A great myth in our society tells people to do whatever feels good to them. This idea has risen to the level of a god in our culture. However, are feelings always a good guide for behavior?
Feelings are frequently misleading, presenting us with false ideas. For example, have you ever felt like everyone forgot your birthday? All day long no one seemed to remember. Your feelings continually told you that people didn’t care about you or your birthday. Later in the day as you opened a door, a room full of people yelled “Happy Birthday!”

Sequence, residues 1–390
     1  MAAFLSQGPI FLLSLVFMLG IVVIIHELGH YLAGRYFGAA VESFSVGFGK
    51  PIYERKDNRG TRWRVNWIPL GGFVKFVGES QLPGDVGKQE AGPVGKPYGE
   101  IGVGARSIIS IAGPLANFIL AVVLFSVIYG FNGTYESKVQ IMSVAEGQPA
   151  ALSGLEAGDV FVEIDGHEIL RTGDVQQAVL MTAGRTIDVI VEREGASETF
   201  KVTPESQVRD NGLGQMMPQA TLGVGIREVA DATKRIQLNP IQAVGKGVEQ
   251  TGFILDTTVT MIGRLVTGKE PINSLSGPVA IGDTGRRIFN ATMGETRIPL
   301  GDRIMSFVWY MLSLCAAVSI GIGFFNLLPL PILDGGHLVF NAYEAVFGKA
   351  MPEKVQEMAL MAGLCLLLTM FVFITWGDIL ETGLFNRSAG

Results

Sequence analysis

A surprise birthday party is just one example of how our feelings lie to us. Here are a few others: People feel they have a right to steal from their company; they get caught and are fired or go to jail. People feel that they are capable of driving; then they get a DUI and lose their license. People feel that no one cares about them; they act out in self-destruction.
Obeying feelings frequently produces pain. Human beings, however, have much better measures of reality than their feelings – logic, conscience, and the wisdom and experience of others. And human beings, unlike animals, have the ability to ignore the feelings, cravings, whims, genetic tendencies, or compulsions that seek to lead them into self-produced misery.
“If it feels good, do it,” is a big, fat lie. Here is the truth! If it is wise, honest, fair, moral, and will produce positive consequences in your future, do it. If not, avoid it no matter how good it may feel.